Magazines 2018 Jul - Aug We need to listen and learn

We need to listen and learn

01 July 2018 By Dorene Meyer

It seems that there are still many non-Indigenous Christians out there who feel white people need to go and reach, evangelize, save, rescue, help Indigenous people, pastors, churches, and communities.

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It seems that there are still many non-Indigenous Christians out there who feel white people need to go and reach, evangelize, save, rescue, help Indigenous people, pastors, churches, and communities.

Let’s get back to the truth as revealed in the Bible in teachings and in historical documentation. Everyone needs to hear the gospel message – the good news that Jesus paid the price for all of our sins and all we have to do is accept this free gift of salvation. When we accept, our sins are forgiven, we become the children of God and His Holy Spirit comes to live inside of us, to direct us each day. When this happens, we instantly become missionaries, evangelists, teachers, leaders, etc. because the Holy Spirit is in us.

Dorene Meyer lives in Norway House and joins us for this guest blog.

Non-Indigenous people – and I write as one — need to open our eyes and see that there are strong Indigenous churches, pastors, ministries, leaders, communities, people who can teach us, help us, minister to us, evangelize us (and of course, teach, help, minister and evangelize their own people).

There are more Indigenous Christians per capita than in non-Indigenous populations in Canada. This is not an unreached people group. This is not a mission field. We all need to hear the good news individually, and when we receive that good news and the Holy Spirit is in us, we are all missionaries, evangelists, teachers, because the Great Commission was given to all believers. “Go into all the world and preach the gospel to all creation,” (Mark 16:15).

Sometimes, we love to set ourselves up as being something special, but we are all equal before God, our Creator. Yes, some people may be more gifted at speaking, teaching, evangelizing, leading, but, does it really have to be said in this enlightened age of ours? One people group does not speak, teach, evangelize, lead better than another people group.

So my fellow non-Indigenous Christians, let’s realize that it is not our job to fix, heal, empower, etc., any other people group. God, our Father, is the great healer. Jesus is the Way, the Truth and the Life. He is the kind Shepherd, the Great Physician.

An example of something that is not helpful is to mail boxes of items to the First Nations communities without first asking people who live there. Think of it this way, if a First Nations group sent 200 boxes of items to the airport of your community, and the box was addressed to “The Town Council, Brampton, Ontario. Where would those boxes end up?”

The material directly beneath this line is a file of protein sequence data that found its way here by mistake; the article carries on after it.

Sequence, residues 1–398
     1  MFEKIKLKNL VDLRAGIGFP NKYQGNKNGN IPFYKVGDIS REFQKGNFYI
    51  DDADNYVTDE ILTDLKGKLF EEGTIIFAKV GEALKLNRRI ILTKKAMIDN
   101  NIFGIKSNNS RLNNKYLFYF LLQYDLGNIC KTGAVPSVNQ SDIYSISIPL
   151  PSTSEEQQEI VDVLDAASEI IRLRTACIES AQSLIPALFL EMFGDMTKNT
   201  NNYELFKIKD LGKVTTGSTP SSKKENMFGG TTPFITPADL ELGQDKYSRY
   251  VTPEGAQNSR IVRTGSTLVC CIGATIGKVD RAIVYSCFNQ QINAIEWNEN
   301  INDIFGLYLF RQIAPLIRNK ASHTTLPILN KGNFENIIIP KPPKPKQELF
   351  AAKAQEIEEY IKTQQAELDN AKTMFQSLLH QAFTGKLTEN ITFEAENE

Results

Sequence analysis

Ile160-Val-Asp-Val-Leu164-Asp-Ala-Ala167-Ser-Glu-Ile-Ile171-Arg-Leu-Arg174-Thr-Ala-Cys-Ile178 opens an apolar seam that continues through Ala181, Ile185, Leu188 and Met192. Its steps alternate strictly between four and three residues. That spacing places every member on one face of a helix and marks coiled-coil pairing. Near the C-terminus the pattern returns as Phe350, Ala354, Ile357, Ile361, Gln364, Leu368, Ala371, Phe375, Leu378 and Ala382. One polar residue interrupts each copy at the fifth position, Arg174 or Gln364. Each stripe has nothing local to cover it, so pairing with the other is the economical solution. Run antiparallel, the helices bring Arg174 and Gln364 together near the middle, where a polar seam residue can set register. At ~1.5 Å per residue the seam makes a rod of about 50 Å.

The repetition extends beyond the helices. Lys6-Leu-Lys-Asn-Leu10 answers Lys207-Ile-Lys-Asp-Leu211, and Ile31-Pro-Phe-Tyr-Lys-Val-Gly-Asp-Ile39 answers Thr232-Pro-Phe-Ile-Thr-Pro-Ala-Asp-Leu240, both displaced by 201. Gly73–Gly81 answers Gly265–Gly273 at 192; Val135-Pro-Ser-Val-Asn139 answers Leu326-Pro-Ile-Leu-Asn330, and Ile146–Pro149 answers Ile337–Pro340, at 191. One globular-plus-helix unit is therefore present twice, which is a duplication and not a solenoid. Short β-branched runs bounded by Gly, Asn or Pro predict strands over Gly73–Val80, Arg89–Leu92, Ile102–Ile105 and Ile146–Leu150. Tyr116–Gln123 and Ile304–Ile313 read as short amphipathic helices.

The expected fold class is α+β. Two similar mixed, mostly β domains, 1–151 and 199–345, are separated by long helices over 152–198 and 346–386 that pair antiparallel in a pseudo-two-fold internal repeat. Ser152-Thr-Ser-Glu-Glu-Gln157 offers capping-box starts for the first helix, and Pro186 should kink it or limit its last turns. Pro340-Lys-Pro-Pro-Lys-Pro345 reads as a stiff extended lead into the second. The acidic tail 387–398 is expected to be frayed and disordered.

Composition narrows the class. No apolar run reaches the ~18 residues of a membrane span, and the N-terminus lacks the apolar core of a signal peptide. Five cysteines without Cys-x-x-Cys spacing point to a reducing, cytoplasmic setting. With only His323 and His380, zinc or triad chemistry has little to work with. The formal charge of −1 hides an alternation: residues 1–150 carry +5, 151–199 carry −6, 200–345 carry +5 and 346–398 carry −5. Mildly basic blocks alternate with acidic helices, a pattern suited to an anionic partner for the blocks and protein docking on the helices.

Another unhelpful thing is to just come as a group uninvited to a First Nations community. Often these groups expect to use various venue (which may already be booked), stay in hotels (which may already be full) or people’s homes. You get my point.

The one thing I believe non-Indigenous people can do that would help the most is to educate ourselves, our children, and our nation. We need to stop what we’re doing and listen to our Christian Indigenous brothers and sisters. If we do that one thing alone for the next few generations, we will be the change that needs to happen.

Here are three specific ways you can “listen” and learn.

  1. Subscribe to Indigenous newspapers, follow Indigenous Facebook pages, and ask to be invited to Indigenous Facebook groups. But remember, your job (for the next couple of generations at least) is to listen and learn. So what this means practically is that you can “like” a post but think long and hard before commenting.
  2. Read books by Indigenous authors. I would suggest anything by Bill Jackson. Also an excellent book by Parry Stelter: A Word of Hope for my Aboriginal People. A third author I would suggest is Dr. Thomas McDonaldThe Black Book – Native Americans and the Christian Experience. 
  3. Get to know some Indigenous people. Not to “help,” but just to be friends.

There is no Indigenous Church. There is no Non-Indigenous Church. Christians tend to gather in groups that share the same language and geographic location and personal preferences in worship. But we are all one family. As it says in the Bible, “For we were all baptized by one Spirit so as to form one body—whether Jews or Gentiles, slave or free.” Jesus, the Great Healer, has made us all one family.

Dorene Meyer is an author, teacher, mentor and publisher who lives in Norway House Cree Nation. Read Faith Today’s “Reconciliation” issue in Jan/Feb.

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